And while I don’t believe that there is any NWO scheme to take the guns out of our cold dead hands, I do think that Democrats view it as an easy P.R. win. Another insincere and empty gesture, fully knowing that the final legislation will be watered down, ineffective, meaningless and probably contain a few provisions for special interests and corporations. It might even contain a payout for the NRA, if they play their cards right. Whatever bill is passed will expire or be struck down a few years later, and the whole dance can begin again. The whole hysteria, you’ll notice, is great for gun sales.

Neither LaPierre, Feinstein, nor any other mainstream pundit is proposing any combination of rational and evidence-based approaches to guns or mental health. Even Obama’s statements about making mental health care more easily accessible were lacking any resolution, detail or conviction. They are all knee-jerk reactions based on ideological bias and false, dystopic views of how the world really works.

As FactCheck.org points out, it is a complicated issue with seemingly contradictory statistics and no clear answers. There is academic disagreement and dubious causation for what is happening in America, where gun manufacturing and sales are up, but violent crime and crimes committed with guns are down. However, “non-fatal gun injuries from assaults increased last year for the third straight year“, so there are other factors. We don’t know if there are more gun owners, or more of the same people buying more guns. And still the maniacal massacres continue. Include suicides in the number of gun deaths, and the whole story changes. Gun deaths may outstrip falling rates of automobile deaths by 2015.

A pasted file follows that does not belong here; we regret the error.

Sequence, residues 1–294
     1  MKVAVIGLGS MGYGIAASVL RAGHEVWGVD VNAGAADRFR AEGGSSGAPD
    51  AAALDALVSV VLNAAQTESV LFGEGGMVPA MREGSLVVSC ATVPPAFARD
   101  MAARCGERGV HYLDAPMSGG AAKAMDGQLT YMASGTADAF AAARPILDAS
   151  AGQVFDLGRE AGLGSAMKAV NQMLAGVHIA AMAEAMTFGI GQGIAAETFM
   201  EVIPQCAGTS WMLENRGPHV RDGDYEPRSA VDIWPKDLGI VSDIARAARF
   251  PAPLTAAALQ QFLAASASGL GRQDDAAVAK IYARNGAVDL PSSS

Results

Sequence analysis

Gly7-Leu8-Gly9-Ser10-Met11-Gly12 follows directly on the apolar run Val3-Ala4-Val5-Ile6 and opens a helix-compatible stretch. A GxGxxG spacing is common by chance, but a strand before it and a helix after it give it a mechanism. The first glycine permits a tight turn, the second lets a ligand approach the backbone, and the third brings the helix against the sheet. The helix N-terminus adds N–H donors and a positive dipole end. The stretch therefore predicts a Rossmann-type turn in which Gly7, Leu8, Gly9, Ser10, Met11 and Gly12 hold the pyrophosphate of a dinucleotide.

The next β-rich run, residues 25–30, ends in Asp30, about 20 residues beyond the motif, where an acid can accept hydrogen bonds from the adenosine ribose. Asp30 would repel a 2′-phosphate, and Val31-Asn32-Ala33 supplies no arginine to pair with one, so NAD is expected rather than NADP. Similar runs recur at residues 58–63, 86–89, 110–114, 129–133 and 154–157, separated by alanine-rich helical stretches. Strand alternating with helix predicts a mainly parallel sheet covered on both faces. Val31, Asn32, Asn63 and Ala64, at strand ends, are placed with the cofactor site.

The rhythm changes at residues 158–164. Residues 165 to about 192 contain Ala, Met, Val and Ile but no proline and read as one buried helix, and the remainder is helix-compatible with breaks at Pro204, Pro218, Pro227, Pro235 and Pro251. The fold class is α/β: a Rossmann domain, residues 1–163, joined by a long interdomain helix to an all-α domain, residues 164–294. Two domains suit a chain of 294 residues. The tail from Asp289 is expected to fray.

I’m not an advocate for any sort of ban at this point, but conflating handguns to assault rifles is like apples to oranges. Or comparing guns to fists and hammers. Or small businesses to multinational corporations. Or fracking done in the 50′s to fracking done today. Ad nauseam. It’s absurd. Guns still account for over double all other murder weapons in the US combined.

I’m sure to ruffle feathers on both sides of the aisle whenever I talk about guns, but I just don’t see the problem with treating them like automobiles. Responsible people register them, irresponsible people don’t. If you want to keep it in your garage and not use it, don’t register it and don’t take it out. If you want to take it out and not pay a hefty fine or punishment, then register it. They only get banned when they get used irresponsibly.

So guns don’t kill people. Smart guns don’t kill people. Sane and insane people use guns to kill lots of people (more people than other weapons can in a single shot), including themselves. And those in power each have vested interests in not being reasonable. Perhaps the best coverage of the shootings in 2012 was summed up in The Onion’s headline: Fuck Everything.